I am sure that anyone who is reading this has heard about the connection between 20 minutes of daily reading and academic achievement. There have been countless discussions and research studies about the achievement gap between children who read or are read to, and children who are not.
Some of these studies focus more on the benefits of the expanded vocabulary these students receive. “In four years, an average child in a professional family would accumulate experience with almost 45 million words, an average child in a working-class family 26 million words, and an average child in a welfare family 13 million words” (Hart & Risley, 2003).
Source (click image to enlarge)
When you work in a high poverty school, these statistics can be not only alarming, but also disturbing. For many schools, this type of information merely cements the fact that some students have advantages that will propel them ahead while others are left staggeringly far behind and there is little that can be done to make lasting real change.
Luckily for me (and our K-4 students), Harlan Elementary doesn’t share this outlook.
Last year, we started a focus on combating the “gap” – the discrepancies in reading and vocabulary acquisition among our kids. We decided to stop making excuses and start coming up with action steps that could make a difference for all our students.
Some of the steps we’ve taken
We began a “Zip-Locked on Reading” program and sent books in baggies home with our students each night. Each baggie included a picture of the graphic about the importance of reading 20 minutes per night.
Our student council has also taken turns reading to younger students in the mornings before class begins. We started a #CaughtReading challenge and have asked parents to send in pictures of their child reading alone or with them at home. We post these pictures on our social media as a way for students to encourage one another to read.
We have also held several parent engagement meetings and provided information, books, and encouragement for our parents to promote reading at home. These are just a few examples of ways we are seeing a shift in our student reading levels.
School Counselor Amanda Green
The “Goodnight, Harlan” videos project
We are encouraging every adult in our building – administrators, teachers, and every staff member – to participate by making a video reading a picture book. Our goal is to help our students see we all value reading and want to be a part of their reading – even when they are at home. In addition, we believe that our students will develop an expanded vocabulary from the exposure to a variety of stories.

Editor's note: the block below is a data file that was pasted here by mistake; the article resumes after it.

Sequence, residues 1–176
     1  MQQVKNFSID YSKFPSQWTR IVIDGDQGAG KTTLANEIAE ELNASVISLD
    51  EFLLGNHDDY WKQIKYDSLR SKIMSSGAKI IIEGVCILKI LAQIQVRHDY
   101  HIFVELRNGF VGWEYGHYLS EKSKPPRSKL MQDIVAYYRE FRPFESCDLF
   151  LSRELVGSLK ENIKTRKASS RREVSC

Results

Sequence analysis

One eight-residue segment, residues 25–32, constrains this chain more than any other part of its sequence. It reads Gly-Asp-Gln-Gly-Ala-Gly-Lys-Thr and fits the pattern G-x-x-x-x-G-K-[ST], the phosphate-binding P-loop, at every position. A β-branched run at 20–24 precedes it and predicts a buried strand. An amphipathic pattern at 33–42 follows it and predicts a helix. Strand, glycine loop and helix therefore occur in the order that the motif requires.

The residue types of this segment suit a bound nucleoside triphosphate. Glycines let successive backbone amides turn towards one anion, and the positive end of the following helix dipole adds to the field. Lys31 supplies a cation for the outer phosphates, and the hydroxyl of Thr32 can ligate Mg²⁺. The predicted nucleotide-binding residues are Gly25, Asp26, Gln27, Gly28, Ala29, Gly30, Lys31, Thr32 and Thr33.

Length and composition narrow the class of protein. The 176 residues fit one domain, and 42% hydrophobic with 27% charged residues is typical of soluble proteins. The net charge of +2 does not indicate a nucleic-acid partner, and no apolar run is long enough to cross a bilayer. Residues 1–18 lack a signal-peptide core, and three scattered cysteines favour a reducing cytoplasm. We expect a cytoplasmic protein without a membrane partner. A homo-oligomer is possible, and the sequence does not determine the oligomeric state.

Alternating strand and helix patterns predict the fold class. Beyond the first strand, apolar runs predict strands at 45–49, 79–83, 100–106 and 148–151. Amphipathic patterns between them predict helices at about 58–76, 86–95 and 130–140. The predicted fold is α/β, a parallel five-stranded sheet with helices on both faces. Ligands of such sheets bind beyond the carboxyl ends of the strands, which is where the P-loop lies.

Each reader is choosing his or her own book from our growing collection of videos. Dr. Casteel, the building principal, debuted the “Goodnight, Harlan” readings with the book, “Go Away, Big, Green Monster.”
Principal Thomas Casteel
This supports an understanding that he is not only the lead learner, but also the lead reader in our building. We have created a link on our school web page to past readings. Students may go back at any time and watch any of the readings they may have missed when they were posted on Facebook or Twitter.
Each staff member selects a favorite story or chooses one that they just think our students might enjoy. While we are reading, we model talking about what we are reading, just as we would if we were reading to our own children or grandchildren. We hope this will have an added benefit of modeling ways to read aloud for our parents.
Instructional Partner Melanie Harris
Our results so far!
It has been wonderful to walk down the hall or into a classroom and hear a child say, “I watched you read to me last night.” We might not be able to ensure that every student has the benefit of a home filled with books and rich conversation. We might not be able to convince every parent about the importance of reading at home each night. However, we can find a way to bring the opportunity for reading home with them each night and believe that we can make a difference – even if it is One Child, One Parent, One Bedtime Story at a time.
Jill Edwards is assistant principal at Harlan Elementary in the Florence City (AL) Schools. Her 16-year education career is highlighted in this post. Follow her further adventures on Twitter @jillae0823. You can read an interesting earlier ABPC Blog post by Jill here: “FMS Teachers Use Common Planning Time to Look at Student Work.”